Jason Isbell, Unloaded

It’s a few months old, but this New York Times piece on Jason Isbell is excellent. It turns out that his departure from the Drive-By Truckers wasn’t as amicable as originally presented:

[Isbell’s] exit from the band was carefully stage-managed. It was said to be about creative differences among friends, and about Isbell’s desire to go solo because he was writing more songs than the band could handle. […]

But the reality was more complicated. Hood called Isbell and suggested he take some time off and get his life together. Isbell replied that if the band was going to tour under the name Drive-By Truckers, he wasn’t going to miss even one show. Cooley then called Isbell and said, as Isbell recalls, “that isn’t going to work for us.” He was forced out.

We used to sleep twice each night

Before the invention of artificial light:

Every night, people fell asleep not long after the sun went down and stayed that way until sometime after midnight. This was the first sleep that kept popping up in the old tales. Once a person woke up, he or she would stay that way for an hour or so before going back to sleep until morning — the so-called second sleep.

MOTR owners to revive old theater as venue for bigger bands

It’s great how quickly MOTR Pub in Over-the-Rhine became one of the most relevant venues in Cincinnati’s local music scene. Now they’re going to renovate the old Woodward Theatre, virtually across the street, into a new 600-person music venue.

For bands, the Woodward would provide the bridge between smaller bars like MOTR and larger area venues such as the Taft Theatre and Bogart’s. It would also give Cincinnati a leg up in attracting musicians, McCabe said. When a band is making its way from Chicago to Nashville, it doesn’t make stops at Indianapolis, Columbus and then Cincinnati; it just picks one.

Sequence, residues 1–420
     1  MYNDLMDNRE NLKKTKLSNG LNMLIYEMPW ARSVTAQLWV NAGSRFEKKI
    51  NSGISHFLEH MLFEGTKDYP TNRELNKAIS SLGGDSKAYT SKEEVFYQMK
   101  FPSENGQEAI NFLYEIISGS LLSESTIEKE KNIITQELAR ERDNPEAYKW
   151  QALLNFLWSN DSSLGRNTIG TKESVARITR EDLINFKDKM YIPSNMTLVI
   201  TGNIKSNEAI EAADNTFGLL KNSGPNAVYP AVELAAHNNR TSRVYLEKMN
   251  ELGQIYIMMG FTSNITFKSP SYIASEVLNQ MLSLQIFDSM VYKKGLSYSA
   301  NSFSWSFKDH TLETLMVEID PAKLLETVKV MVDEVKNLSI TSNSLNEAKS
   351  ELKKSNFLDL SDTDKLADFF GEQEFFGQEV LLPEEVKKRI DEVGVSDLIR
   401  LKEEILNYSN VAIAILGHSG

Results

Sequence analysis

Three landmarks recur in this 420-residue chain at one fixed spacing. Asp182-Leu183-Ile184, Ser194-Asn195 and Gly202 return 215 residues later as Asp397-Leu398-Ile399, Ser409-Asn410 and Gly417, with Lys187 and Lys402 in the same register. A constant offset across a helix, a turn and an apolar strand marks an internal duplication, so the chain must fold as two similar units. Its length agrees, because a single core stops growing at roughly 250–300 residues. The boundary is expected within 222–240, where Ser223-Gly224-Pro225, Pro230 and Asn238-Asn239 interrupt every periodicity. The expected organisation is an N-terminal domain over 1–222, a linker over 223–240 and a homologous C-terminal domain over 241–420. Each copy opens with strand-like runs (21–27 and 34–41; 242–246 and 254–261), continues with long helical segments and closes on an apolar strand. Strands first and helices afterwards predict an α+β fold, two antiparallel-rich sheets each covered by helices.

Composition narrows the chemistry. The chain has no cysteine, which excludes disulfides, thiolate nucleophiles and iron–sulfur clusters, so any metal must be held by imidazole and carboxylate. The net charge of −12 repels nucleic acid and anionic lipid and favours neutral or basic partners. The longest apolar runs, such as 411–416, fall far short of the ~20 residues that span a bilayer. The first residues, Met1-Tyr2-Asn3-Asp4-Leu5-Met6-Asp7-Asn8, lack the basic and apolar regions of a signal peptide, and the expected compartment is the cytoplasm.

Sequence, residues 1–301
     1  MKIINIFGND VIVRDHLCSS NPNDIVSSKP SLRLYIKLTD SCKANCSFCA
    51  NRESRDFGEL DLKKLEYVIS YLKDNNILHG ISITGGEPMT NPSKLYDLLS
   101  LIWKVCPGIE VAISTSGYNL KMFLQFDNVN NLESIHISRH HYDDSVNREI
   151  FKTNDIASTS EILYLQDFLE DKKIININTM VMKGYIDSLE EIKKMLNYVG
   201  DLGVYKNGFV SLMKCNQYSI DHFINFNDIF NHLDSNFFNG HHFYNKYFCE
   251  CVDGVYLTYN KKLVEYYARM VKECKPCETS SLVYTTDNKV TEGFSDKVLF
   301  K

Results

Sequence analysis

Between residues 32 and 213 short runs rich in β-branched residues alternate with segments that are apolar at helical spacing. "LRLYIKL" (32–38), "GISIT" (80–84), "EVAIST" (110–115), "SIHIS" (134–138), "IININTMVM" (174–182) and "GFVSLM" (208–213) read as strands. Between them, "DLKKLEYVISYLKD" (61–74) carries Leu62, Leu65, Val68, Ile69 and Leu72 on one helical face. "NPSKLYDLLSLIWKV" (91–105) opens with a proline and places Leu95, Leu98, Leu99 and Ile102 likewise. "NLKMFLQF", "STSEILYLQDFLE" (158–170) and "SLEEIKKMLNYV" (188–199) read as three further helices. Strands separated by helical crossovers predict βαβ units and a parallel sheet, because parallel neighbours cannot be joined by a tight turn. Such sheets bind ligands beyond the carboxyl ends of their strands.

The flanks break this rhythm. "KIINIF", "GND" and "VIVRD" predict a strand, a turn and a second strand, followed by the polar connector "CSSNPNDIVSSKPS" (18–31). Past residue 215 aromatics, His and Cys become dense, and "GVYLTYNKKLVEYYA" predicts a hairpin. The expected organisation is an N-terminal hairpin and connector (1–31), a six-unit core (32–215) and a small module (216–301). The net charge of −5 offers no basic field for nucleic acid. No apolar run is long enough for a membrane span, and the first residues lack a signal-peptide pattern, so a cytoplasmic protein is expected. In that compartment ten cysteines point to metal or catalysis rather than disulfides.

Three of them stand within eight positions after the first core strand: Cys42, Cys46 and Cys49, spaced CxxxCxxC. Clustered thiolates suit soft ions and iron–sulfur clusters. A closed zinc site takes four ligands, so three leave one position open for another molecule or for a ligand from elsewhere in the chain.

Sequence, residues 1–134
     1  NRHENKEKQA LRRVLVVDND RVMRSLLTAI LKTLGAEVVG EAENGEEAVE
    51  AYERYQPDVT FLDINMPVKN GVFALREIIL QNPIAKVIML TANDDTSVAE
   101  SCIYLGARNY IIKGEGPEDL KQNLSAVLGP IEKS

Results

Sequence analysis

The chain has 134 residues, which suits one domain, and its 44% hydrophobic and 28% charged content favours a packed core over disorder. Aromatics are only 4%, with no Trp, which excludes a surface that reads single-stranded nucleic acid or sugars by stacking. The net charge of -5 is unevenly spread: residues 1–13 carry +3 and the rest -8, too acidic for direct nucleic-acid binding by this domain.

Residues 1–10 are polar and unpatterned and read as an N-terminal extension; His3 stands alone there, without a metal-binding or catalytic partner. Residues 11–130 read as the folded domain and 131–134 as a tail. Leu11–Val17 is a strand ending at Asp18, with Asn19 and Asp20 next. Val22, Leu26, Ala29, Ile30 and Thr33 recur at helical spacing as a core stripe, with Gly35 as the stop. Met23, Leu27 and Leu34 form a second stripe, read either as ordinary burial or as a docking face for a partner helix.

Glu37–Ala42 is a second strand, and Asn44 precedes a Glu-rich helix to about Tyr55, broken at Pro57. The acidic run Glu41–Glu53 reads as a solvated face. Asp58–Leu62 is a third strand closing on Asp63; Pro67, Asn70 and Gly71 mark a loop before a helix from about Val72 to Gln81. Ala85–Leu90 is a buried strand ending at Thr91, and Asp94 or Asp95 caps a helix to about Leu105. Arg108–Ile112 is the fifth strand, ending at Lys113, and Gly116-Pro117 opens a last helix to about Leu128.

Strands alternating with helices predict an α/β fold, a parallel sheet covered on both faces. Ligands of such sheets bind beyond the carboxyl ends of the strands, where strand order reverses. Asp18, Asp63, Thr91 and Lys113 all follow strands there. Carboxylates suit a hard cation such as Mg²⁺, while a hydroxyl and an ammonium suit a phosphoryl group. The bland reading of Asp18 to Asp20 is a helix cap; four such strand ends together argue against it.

Afghan Whigs Damage Eardrums, Silence Skeptics

From the strike of the first downbeat last Thursday night, the sound of the Afghan Whigs was so dominating that I felt foolish for having entertained — even for a moment in the year leading up to their homecoming — the thought that the band might be overhyped.  I didn’t just feel stupid, I felt throughout the performance as though the band was humiliating me for having dared to doubt them.

My Sister Paid Progressive Insurance to Defend Her Killer In Court

Matt Fisher:

In Maryland, you may not sue an insurance company when they refuse to fork over your money. Instead, what [my parents] had to do was sue the guy who killed my sister, establish his negligence in court, and then leverage that decision to force Progressive to pay the policy. […]

At the trial, the guy who killed my sister was defended by Progressive’s legal team.

If you are insured by Progressive, and they owe you money, they will defend your killer in court in order to not pay you your policy.

Game-studies scholars (there are such things) like to point out that games tend to reflect the societies in which they are created and played. Monopoly, for instance, makes perfect sense as a product of the 1930s — it allowed anyone, in the middle of the Depression, to play at being a tycoon. Risk, released in the 1950s, is a stunningly literal expression of cold-war realpolitik. Twister is the translation, onto a game board, of the mid-1960s sexual revolution. One critic called it ‘sex in a box.’

Angry Birds, Farmville and Other Hyperaddictive ‘Stupid Games’